2023 FIDE World Cup: Round 4

Favorites ousted (not Carlsen)… Indian prodigies soar

There were some shocking outcomes at the 2023 World Cup with both Hikaru Nakamura and Ju Wenjun being eliminated from the competition. Wesley So was also upset by Alexander Sarana ending what seemed to be a tournament where the Filipino-American was off-form. While Magnus Carlsen endured an intense match after an initial loss to Vincent Keymer, he was visibly shaken by the scare in the second classical game. Keymer missed a tactical shot because his mind may have been set on equalizing after his impressive win. After the missed opportunity, he played suboptimal moves in the ending and was ground down by Carlsen’s technique.

Magnus Carlsen certainly felt the heat against Germany’s Vincent Keymer
Photo by Stev Bonhage

While the Indian prodigies have been the talk of the tournament, there were other stories. Nijat Abasov (2632) has flown under the radar while eliminating Peter Svidler after beating Anish Giri. Abasov admitted that he got a “second chance” after Svidler missed a tactic in the first classical game. However, he held both draws and won the second tiebreak rapid. Apart from the Indian players, Abasov is a local favorite and the last to hold the Azeri flag. He plays Salem Saleh who won both tiebreak games against Daniele Vocaturo.

Nijat Abasov has made an impressive run on home turf
Photo by Maria Emelianova

Paehtz ends Ju’s run

Ju Wenjun stated that she had only one week of rest after winning the world championship in China. She proved her stamina by playing a couple of marathon games but ran out of steam against Germany’s Elisabeth Paehtz.

Elisabeth Paehtz scored a big match win over world champion Ju Wenjun
Photo by Anna Shtourman

Humpy Koneru also lost her match in tiebreaks against Georgia’s Bella Khotenashvili after winning on demand. We are down to eight players. Perhaps the favorite is Aleksandra Goryachkina who won her match against another Georgian player, Nino Batsiashvili. Anna Muzychuk beat her younger sister Mariya as all of the games were fiercely fought and went into instructive endings.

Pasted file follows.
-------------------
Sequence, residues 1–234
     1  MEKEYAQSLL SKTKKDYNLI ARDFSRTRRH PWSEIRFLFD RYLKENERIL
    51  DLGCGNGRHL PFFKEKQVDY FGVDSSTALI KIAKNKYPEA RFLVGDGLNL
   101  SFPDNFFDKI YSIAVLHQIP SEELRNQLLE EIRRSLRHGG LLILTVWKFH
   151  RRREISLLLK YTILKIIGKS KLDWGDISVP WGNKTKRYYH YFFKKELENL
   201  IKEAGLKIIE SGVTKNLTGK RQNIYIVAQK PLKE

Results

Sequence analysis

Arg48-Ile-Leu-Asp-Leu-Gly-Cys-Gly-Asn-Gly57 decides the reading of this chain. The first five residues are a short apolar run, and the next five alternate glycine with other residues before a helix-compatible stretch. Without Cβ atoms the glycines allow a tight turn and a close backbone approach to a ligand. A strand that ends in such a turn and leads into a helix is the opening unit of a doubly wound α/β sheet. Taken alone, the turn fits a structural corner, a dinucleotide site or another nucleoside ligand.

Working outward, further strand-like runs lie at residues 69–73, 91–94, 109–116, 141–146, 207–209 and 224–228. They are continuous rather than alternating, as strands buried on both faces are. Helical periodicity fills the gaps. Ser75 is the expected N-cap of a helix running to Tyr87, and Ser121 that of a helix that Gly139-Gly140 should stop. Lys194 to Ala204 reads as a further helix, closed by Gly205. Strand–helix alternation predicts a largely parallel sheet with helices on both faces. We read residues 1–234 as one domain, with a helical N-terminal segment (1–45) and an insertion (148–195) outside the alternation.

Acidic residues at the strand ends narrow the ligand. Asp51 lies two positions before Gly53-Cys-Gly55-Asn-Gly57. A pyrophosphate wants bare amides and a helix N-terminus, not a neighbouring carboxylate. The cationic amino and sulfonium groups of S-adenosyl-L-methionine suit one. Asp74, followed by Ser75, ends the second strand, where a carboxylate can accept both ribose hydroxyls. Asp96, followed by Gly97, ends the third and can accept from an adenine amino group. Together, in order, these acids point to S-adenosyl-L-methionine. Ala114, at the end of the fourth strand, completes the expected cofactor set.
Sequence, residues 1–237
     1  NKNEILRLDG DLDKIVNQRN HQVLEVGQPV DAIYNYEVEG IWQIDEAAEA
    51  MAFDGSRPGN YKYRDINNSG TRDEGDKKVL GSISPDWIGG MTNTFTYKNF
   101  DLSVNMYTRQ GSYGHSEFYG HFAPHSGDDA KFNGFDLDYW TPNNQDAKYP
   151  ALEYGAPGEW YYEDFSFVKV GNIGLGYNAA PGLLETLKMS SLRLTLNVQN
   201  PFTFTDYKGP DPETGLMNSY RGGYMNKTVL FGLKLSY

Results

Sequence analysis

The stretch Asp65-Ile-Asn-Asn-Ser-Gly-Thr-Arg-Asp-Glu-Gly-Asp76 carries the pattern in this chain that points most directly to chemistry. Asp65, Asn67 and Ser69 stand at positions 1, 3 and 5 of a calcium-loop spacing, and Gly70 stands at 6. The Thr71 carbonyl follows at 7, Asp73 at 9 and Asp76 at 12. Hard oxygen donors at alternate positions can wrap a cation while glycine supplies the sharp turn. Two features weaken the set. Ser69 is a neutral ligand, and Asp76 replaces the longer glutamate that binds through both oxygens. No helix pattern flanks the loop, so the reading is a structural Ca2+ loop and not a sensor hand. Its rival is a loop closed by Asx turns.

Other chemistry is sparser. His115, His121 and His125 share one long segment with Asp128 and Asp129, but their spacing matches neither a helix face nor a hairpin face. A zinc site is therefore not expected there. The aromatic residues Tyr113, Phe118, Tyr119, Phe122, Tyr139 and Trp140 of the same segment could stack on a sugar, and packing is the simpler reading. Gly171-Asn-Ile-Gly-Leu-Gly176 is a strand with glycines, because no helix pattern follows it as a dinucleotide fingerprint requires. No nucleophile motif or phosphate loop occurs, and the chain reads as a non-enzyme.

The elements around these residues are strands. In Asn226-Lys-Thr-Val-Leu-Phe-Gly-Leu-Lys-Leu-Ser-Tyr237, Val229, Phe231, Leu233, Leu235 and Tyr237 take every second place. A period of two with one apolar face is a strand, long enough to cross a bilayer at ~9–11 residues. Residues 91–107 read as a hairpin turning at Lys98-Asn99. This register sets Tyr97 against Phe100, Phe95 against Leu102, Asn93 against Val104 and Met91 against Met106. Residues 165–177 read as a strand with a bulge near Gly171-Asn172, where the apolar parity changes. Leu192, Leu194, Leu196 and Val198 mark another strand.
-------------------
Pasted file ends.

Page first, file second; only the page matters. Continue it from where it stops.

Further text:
Round 4, Game 1

Wednesday, 9 August 2023
Keymer topples Carlsen!

FIDE Report

Former World Champion in classical chess, Magnus Carlsen, suffered a defeat as Black against 18-year-old German prodigy Vincent Keymer. This was the first time that Keymer beat Carlsen in a classical game.

Playing as Black in the Queen’s Gambit Declined, Carlsen created a solid position in a typical Carlsbad structure. In a rook and knight endgame that transpired, Carlsen made a mistake on move 36 and ended up losing a pawn. Soon afterward, the rooks were exchanged, and in a knights endgame where Vincent smoothly converted his extra pawn.

Carlsen under pressure.
Photo by Stev Bonhage

Keymer was realistic when asked to sum up the game: “It was an equal game, and then I got a chance and used it… This was a one-off blunder [for Carlsen] otherwise, the game would have ended with a draw which would have been totally fine with me.”

Video by FIDE Chess

To stay in the race, Carlsen will have to win the second game, where he will be playing as White.

In another upset, Alexey Sarana beat Wesley So with black pieces. In the exchange line of the Queen’s Gambit Declined, the reigning European champion gradually outplayed his opponent. By move 23, Sarana was significantly better.

Wesley So then managed to get close to equal after a mistake by Sarana, but in the proceeding moves, he made a drastic error of judgement and was lost again. Sarana finished off the opponent with several impressive moves.

Alexey Sarana scored a big upset sending Wesley So packing.
Photo by Maria Emelianova

Three other grandmasters won today – Nils Grandelius beat Jamie Santos Latasa, Vidit Gujrathi defeated Etienne Bacrot in a sharp Sicilian battle, and Hungary’s Ferenc Berkes is continuing his impressive run, outplaying Ruslan Ponomariov.

All other games ended in a draw, including those of Caruana, Nakamura, and Nepomniachtchi.

Women’s Section

The Women’s tournament saw Bella Khotenashvili secure the only victory of the day by defeating India’s top-rated woman player, Humpy Koneru, with black pieces. After Koneru made a mistake early on in the opening, she ended up defending a weaker position throughout the game. Despite Khotenashvili giving Koneru a few chances to equalise, in the end, the Indian didn’t use them and was forced to surrender after 42 moves.

The road was a bit bumpy, but Bella Khotenashvili scored an impressive win over Humpy Koneru
Photo by Maria Emelianova

Round four saw an unusual pairing where two sisters – Anna and Mariya Muzychuk had to play against one another. In the Semi-Tarrasch, neither side managed to get much advantage, and the two agreed to a draw after reaching an even rook endgame.

Women’s World Champion Ju Wenjun drew as White with Elisabeth Paehtz in what was a largely calm game. Serbia’s Teodora Injac had a nearly winning position as White against Polina Shuvalova in the opening but misplayed in the middlegame and her advantage gradually evaporated.

~Milan Dinic, FIDE

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Round 4, Game 2

Thursday, 10 August 2023
Keymer misses chance, Carlsen equalizes

FIDE Report